Monthly Archives: October 2009

TV coverage of online banking card-reader vulnerabilities

This evening (Monday 26th October 2009, at 19:30 UTC), BBC Inside Out will show Saar Drimer and I demonstrating how the use of smart card readers, being issued in the UK to authenticate online banking transactions, can be circumvented. The programme will be broadcast on BBC One, but only in the East of England and Cambridgeshire, however it should also be available on iPlayer.

In this programme, we demonstrate how a tampered Chip & PIN terminal could collect an authentication code for Barclays online banking, while a customer thinks they are buying a sandwich. The criminal could then, at their leisure, use this code and the customer’s membership number to fraudulently transfer up to £10,000.

Similar attacks are possible against all other banks which use the card readers (known as CAP devices) for online banking. We think that this type of scenario is particularly practical in targeted attacks, and circumvents any anti-malware protection, but criminals have already been seen using banking trojans to attack CAP on a wide scale.

Further information can be found on the BBC online feature, and our research summary. We have also published an academic paper on the topic, which was presented at Financial Cryptography 2009.

Update (2009-10-27): The full programme is now on BBC iPlayer for the next 6 days, and the segment can also be found on YouTube.

BBC Inside Out, Monday 26th October 2009, 19:30, BBC One (East)

Security psychology

I have put together a web page on psychology and security. There is a fascinating interplay between these two subjects, and their intersection is now emerging as a new research discipline, encompassing deception, risk perception, security usability and a number of other important topics. I hope that the new web page will be as useful in spreading the word as my security economics page has been in that field.

apComms backs ISP cleanup activity

The All Party Parliamentary Communications Group (apComms) recently published their report into an inquiry entitled “Can we keep our hands off the net?”

They looked at a number of issues, from “network neutrality” to how best to deal with child sexual abuse images. Read the report for the all the details; in this post I’m just going to draw attention to one of the most interesting, and timely, recommendations:

51. We recommend that UK ISPs, through Ofcom, ISPA or another appropriate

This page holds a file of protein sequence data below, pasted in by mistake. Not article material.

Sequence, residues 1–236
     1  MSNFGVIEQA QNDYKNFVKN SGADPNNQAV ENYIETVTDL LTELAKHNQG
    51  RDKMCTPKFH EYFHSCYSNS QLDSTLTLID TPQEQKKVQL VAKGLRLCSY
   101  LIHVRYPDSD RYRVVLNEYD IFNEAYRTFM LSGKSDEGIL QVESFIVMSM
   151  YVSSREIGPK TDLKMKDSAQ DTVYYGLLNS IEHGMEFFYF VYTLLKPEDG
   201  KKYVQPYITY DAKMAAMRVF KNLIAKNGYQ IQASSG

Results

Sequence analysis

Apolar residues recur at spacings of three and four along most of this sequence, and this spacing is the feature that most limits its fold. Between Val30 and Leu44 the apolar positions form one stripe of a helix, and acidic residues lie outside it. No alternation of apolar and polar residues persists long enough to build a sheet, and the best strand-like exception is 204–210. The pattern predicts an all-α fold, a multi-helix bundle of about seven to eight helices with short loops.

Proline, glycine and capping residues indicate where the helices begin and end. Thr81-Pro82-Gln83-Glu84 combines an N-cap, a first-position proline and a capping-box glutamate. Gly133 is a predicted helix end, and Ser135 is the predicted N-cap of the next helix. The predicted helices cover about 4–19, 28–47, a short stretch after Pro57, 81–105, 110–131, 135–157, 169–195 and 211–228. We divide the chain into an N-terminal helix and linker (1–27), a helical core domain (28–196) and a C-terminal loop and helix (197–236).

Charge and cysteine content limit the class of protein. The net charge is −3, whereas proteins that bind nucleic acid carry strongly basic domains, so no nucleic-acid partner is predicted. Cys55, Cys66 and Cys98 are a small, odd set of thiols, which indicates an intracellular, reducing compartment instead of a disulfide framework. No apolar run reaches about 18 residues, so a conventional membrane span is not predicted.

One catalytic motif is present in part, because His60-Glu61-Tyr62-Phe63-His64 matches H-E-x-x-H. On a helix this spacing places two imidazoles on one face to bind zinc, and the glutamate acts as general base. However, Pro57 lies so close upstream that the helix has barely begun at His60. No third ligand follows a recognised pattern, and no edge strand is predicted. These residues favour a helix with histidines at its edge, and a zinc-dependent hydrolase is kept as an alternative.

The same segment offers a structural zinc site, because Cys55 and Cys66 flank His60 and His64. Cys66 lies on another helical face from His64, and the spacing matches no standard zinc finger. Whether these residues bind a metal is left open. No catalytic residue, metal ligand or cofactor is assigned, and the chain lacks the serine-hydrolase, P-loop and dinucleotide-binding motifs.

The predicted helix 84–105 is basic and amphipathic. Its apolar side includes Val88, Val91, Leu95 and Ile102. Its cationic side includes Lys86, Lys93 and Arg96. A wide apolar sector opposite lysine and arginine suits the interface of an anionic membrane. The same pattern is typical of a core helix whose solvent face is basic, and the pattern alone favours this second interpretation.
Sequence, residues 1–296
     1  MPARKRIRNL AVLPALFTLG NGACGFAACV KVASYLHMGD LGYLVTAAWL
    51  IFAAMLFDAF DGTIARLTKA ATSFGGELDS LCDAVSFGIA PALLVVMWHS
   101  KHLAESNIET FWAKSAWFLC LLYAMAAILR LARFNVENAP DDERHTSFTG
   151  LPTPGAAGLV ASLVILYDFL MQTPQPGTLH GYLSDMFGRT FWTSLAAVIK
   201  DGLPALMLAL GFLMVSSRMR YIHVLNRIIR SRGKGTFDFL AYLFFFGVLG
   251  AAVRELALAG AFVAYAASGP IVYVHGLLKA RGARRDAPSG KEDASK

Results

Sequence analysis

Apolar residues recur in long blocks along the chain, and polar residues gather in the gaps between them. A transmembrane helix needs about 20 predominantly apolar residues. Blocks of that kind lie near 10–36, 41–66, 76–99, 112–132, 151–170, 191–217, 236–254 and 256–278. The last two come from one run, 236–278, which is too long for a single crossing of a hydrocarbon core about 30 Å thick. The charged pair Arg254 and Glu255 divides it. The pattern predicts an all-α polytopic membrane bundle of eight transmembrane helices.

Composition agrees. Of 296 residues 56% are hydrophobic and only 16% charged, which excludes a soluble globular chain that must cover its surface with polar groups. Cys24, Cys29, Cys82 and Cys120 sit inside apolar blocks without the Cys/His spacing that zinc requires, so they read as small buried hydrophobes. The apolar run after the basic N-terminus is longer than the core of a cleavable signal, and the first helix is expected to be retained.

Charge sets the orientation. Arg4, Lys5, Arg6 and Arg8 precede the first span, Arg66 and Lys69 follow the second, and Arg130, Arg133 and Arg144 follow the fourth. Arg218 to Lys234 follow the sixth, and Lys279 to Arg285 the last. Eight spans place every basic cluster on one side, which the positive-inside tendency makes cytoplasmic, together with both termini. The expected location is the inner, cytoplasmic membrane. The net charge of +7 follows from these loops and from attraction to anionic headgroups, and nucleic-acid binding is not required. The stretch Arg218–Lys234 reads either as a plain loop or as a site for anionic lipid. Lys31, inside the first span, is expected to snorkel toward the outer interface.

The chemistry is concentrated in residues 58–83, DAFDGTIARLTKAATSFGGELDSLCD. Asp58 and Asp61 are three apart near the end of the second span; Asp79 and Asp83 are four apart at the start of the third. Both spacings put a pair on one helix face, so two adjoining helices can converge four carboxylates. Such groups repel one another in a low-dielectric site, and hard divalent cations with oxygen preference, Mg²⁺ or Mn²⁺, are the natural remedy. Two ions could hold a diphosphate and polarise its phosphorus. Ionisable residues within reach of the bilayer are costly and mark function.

organisation, immediately start the process of agreeing a voluntary code for
detection of, and effective dealing with, malware infected machines in the UK.
52. If this voluntary approach fails to yield results in a timely manner, then we further recommend that Ofcom unilaterally create such a code, and impose it upon the UK ISP industry on a statutory basis.

The problem is that although ISPs are pretty good these days at dealing with incoming badness (spam, DDoS attacks etc) they can be rather reluctant to deal with customers who are malware infected, and sending spam, DDoS attacks etc to other parts of the world.

From a “security economics” point of view this isn’t too surprising (as I and colleagues pointed out in a report to ENISA). Customers demand effective anti-spam, or they leave for another ISP. But talking to customers and holding their hand through a malware infection is expensive for the ISP, and customers may just leave if hassled, so the ISPs have limited incentives to take any action.

When markets fail to solve problems, then you regulate… and what apComms is recommending is that a self-regulatory solution be given a chance to work. We shall have to see whether the ISPs seize this chance, or if compulsion will be required.

This UK-focussed recommendation is not taking place in isolation, there’s been activity all over the world in the past few weeks — in Australia the ISPs are consulting on a Voluntary Code of Practice for Industry Self-regulation in the Area of e-Security, in the Netherlands the main ISPs have signed an “Anti-Botnet Treaty“, and in the US the main cable provider, Comcast, has announced that its “Constant Guard” programme will in future detect if their customer machines become members of a botnet.

ObDeclaration: I assisted apComms as a specialist adviser, but the decision on what they wished to recommend was theirs alone.

Economics of peer-to-peer systems

A new paper, Olson’s Paradox Revisited: An Empirical Analysis of File-Sharing Behaviour in P2P Communities, finds a positive correlation between the size of a BitTorrent file-sharing community and the amount of content shared, despite a reduced individual propensity to share in larger groups, and deduces from this that file-sharing communities provide a pure (non-rival) public good. Forcing users to upload results in a smaller catalogue; but private networks provide both more and better content, as do networks aimed at specialised communities.

George Danezis and I produced a theoretical model of this five years ago in The Economics of Censorship Resistance. It’s nice to see that the data, now collected, bear us out